This much I know about…Edublogging!

I have been a teacher of English for 24 years, a Headteacher for 9 years and a blogger since 16 June 2012 and, at the age of 48, this much I know about Edublogging!

Sophie Coulombeau said to me recently, If you’re not on twitter you’re dead. Whilst I know many non-tweeters who are still breathing, I know what she means.

The synergy between Twitter and blogging is crucial to the success of the latter. Bloggers are the source of the best CPD I know, but it’s Twitter which signposts me to their blogs.

Writing my blog clarifies my thinking. I have lots of material in my head like bits of space debris; blogging melds them into the satellite which directs my personal satnav.

There is something immensely gratifying in sharing materials. I find the IBD Theory of Knowledge tutors across the globe incredibly generous with their TOK resources.

The whole blogging thing has been inspiring. Due to the way blogging has developed at our school, we plan to develop our own CPD research centre through Twitter and blogging, something like a school-based online dynamic R&D hub, or something. Still mulling it over. Might write a blog to clarify my thinking…

I have been humbled by certain generous virtual colleagues who have nominated me for the Edublog Awards 2012. Here are my own nominations:

  • Best individual blog: Geoff Riley http://www.tutor2u.net  Geoff saves my skin every Sunday night…
  • Best new blog: Alex Quigley http://huntingenglish.wordpress.com English Subject Leader at our school and growing professionally by the day; a great thinker!
  • Best ed tech / resource sharing blog: Mrs B at Le Jardin Academy, Hawaii http://tokkailua2013.wordpress.com/ Mrs B saves my skin every Monday night (I teach TOK later in the week).
  • Best teacher blog: David Didau http://learningspy.co.uk Inspirational English & literacy teacher and source of pedagogic gold.
  • Best administrator blog: Tom Sherrington http://headguruteacher.com Tom is a magnificent thinker on leadership – met him recently and he’s as great in the flesh as he is in the virtual world!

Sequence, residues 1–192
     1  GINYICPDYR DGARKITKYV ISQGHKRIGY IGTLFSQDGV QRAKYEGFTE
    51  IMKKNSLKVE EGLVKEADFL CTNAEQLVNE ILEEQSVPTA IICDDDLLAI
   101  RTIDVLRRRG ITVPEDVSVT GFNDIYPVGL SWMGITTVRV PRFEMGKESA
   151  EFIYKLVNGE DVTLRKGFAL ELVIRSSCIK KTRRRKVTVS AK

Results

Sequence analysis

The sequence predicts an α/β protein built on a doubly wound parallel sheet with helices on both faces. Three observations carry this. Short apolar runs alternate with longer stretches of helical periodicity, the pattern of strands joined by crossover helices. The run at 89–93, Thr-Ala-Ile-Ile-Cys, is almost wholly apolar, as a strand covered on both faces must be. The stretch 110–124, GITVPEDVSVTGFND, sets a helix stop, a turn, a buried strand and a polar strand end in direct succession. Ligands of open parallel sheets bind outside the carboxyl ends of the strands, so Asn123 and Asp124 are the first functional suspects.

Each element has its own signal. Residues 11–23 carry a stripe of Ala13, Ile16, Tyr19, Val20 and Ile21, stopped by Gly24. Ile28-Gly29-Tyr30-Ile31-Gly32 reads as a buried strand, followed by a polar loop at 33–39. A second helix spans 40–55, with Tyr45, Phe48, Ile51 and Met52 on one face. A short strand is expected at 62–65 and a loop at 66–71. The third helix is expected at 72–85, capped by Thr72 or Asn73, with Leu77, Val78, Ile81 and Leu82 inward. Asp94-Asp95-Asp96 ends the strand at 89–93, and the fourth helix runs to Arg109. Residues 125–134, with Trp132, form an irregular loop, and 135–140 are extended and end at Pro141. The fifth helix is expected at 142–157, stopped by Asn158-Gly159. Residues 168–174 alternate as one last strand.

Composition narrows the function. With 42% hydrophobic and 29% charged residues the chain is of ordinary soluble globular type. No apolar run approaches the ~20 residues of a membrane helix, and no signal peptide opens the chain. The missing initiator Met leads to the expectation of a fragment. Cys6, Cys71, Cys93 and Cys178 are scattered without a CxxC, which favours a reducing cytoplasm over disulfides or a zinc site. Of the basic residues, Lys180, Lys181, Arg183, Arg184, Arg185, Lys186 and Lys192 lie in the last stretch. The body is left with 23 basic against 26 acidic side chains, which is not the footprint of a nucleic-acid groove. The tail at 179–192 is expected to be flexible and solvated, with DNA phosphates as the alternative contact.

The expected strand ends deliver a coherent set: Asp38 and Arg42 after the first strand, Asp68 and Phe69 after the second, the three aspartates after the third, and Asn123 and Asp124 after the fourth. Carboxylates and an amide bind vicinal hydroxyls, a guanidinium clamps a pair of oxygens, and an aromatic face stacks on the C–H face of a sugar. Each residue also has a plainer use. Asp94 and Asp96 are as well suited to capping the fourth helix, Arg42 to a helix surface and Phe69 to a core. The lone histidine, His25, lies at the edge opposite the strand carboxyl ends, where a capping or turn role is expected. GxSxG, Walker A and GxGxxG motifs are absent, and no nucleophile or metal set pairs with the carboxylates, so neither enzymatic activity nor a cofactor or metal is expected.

• Most influential blog post: Geoff Barton http://www.geoffbarton.co.uk/ Mentor, personification of integrity and general source of inspiration, his blogs on the English GCSE fiasco in the UK have been hugely influential in maintaining the issue in the news.
  • Lifetime achievement: Zoe Elder http://fullonlearning.com Possibly the most clear thinking pedagogic expert I’ve virtually met.

And here are some others I think are great too:

Tom Bennett http://behaviourguru.blogspot.com/ Love him or hate him you can’t ignore him (and I mostly love him)!

Helene O’Shea http://monkeylearns.blogspot.co.uk/ Helene’s blog is resourceful in every sense – I loved the recent Dweck poster BTW!

Pete Jones http://deeplearning.edublogs.org/ Famed for the Tweachers Tube Map, there’s so much more to him on his blog.

Kev Bartle http://dailygenius.wordpress.com/ Keeps publishing spiky blogs which keep me on my toes!

Nightjar http://themusingsofaheadteacher.wordpress.com/ Awesome.

Sophie Coulombeau http://sophiecoulombeau.wordpress.com/ Fiercely intelligent and inspirational collaborator.

About johntomsett

Headteacher in York. All views are my own.
This entry was posted in Teaching and Learning. Bookmark the permalink.

11 Responses to This much I know about…Edublogging!

  1. 3arn0wl says:

    :O WHAT!?!?! I didn’t make the list? :’(
    ;)

  2. Geoff Barton says:

    Awww, shucks. Your blogs, Mr T, have kept me going in bad times

  3. biologypost says:

    “Due to the way blogging has developed at our school, we plan to develop our own CPD research centre through Twitter and blogging, something like a school-based online dynamic R&D hub…”

    We’re just getting into the whole blogging thing at my school and trying to get the kids involved too (see my biologypost.wordpress.com blog). We also want to develop it for sharing good practice, CPD etc…Have you made any progress with this yet? It would be good to see a model of how this works or swap some ideas with each other.

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